The last, taking-it-all-back sentence makes it clear, if it hasn’t occurred to the reader already, that Young—here as throughout the book—is not doing anything so prosaic as describing a character or action. What she does is begin with observations and then let language take over: first via repetition and even redundancy (“old pottery hands back there at the pottery”), then via mere word association or even solecism, the swapping out of similar-sounding words (“face of clay” evening out into the more common “feet of clay”). It’s not that there is, in the world of this book, a day watchman and a night watchman who both desire the woman described here (who, in this case, is on the bus with Vera); it’s that, once she—the character, or Vera, or Marguerite Young, or the reader’s mind, speaking over the words on the page—says the phrase “night watchman,” a day watchman must also be posited, because “night” and “day” sound better in counterpoint. Reality is sterile, a tattered, sticklike old woman who goes mad with desire and then walks off into the waves. Young wants to give us language instead.

In Excess of Life

Is Miss MacIntosh any good? This is a question that a critic really ought to be able to answer—and that only a comparative handful of people probably can answer, since not that many people have made it from one end of the novel to the other. But it turns out to be the only question about this book more vexing than “What is the plot?” The novel maddens, annoys, baffles, and impresses, all the time, all at once. There are passages of stunning beauty, and chapters from which I have retained no memory except that of a stupefying boredom. Young’s use of repetition made me feel as though I were the unknowing victim of a Parallax Corporation brainwashing scheme; one more mention of Mr. Spitzer’s “high silk hat,” I felt, and I might go into a dissociative state and shoot a politician. Certainly, the book, in its cult-classic, now-you-can-buy-it-now-you-can’t career in print, has had its staunch defenders, including Nin and also Macon Leary, the hero of Anne Tyler’s novel The Accidental Tourist (he reads it at random, opening to any page, like a Pentecostal consulting the Bible). Reaching the end, I felt momentarily overwhelmed by the sheer size of the network of associations and memories that Young had created. But I doubted my response; I worried that actually finishing the book biased me. It has to have been good, because otherwise I went through all that for nothing.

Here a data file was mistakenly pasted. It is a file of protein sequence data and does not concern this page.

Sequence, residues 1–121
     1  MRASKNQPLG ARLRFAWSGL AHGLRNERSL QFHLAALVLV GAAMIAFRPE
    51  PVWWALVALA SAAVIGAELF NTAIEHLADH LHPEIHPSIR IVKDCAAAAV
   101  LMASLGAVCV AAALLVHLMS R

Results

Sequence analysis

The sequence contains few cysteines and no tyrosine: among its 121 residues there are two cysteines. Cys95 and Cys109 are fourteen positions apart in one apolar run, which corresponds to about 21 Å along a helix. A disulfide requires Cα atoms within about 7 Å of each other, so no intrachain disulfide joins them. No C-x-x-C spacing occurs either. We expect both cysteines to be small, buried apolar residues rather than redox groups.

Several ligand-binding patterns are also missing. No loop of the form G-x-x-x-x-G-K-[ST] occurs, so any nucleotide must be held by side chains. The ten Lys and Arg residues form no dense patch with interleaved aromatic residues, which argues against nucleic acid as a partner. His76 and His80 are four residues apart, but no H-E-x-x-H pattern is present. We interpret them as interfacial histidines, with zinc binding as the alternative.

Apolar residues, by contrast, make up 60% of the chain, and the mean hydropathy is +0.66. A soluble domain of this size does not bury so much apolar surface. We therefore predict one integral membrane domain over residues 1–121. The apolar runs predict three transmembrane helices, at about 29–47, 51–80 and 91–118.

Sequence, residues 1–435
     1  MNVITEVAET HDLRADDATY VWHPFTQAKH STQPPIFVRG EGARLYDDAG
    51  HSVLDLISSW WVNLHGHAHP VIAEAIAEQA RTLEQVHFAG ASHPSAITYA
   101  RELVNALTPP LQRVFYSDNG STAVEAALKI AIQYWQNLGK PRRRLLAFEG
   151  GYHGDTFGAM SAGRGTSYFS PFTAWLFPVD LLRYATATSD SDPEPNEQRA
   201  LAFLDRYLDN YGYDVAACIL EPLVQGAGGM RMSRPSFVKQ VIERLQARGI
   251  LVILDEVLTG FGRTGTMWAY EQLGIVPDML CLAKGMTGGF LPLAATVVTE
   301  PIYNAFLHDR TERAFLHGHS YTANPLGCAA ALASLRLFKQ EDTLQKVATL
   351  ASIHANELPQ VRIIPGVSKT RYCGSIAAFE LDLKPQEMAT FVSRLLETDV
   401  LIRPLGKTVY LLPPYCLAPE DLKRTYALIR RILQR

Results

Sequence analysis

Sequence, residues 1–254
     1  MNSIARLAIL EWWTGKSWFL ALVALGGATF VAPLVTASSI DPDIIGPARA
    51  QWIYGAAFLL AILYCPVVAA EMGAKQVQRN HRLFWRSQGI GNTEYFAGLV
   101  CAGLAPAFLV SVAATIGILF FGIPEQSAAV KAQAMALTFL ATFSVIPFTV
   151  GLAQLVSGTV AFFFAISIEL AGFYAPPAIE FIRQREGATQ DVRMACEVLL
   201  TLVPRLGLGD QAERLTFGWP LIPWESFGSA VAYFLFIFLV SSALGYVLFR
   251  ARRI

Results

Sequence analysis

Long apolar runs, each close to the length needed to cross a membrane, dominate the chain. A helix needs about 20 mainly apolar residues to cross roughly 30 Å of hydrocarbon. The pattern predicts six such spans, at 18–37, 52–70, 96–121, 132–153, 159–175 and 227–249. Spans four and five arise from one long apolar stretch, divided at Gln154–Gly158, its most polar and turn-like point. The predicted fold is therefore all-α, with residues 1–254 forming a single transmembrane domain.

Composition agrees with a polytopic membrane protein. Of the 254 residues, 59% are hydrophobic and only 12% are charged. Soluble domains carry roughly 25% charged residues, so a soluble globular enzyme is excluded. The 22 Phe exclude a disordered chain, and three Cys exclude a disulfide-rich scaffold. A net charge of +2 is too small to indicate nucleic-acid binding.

This book isn’t a doorstop; it’s a door, and a house, and windows, and the lot that it all sits on, and the sinkhole that’s constantly swallowing it.

If Miss MacIntosh, like any ambitious experiment, pursues new modes of aesthetic interest that may turn out to be mirages, then it is also about the pursuit of mirage. Everyone who writes about the novel—and it’s hard, having put in all that work reading it, not to—eventually gets around to quoting a comment Young made, near the end of her life, in an interview with Fuchs and Ellen G. Friedman:

I believe that all my work explores the human desire or obsession for utopias, and the structure of all my works is the search for utopias lost and rediscovered . . . All my writing is about the recognition that there is no single reality. But the beauty of it is that you nevertheless go on, walking towards utopia, which may not exist, on a bridge which might end before you reach the other side.

Young’s work before and after Miss MacIntosh evinces this concern in straightforward ways: it is the story of failed utopias and utopians. And her relationship to the concept is likewise relatively straightforward: utopia probably can’t exist, but you have to try anyway. The constellation of radicals and cranks that we find in her nonfiction are models—not necessarily in the details of their projects, but at least in the stubbornness that lay behind them. She asks in Angel: “What is man but a series of competing mythologies, most fearful and wonderful, and what would man be if these were taken away from him?” And so many decades later, in the uniquely clotted style of Harp Song—a style at once stiff and fusty in some of its language and excessive, riotous in its details and transitions—she seems to answer her own question, on the book’s last page, using Debs as an example: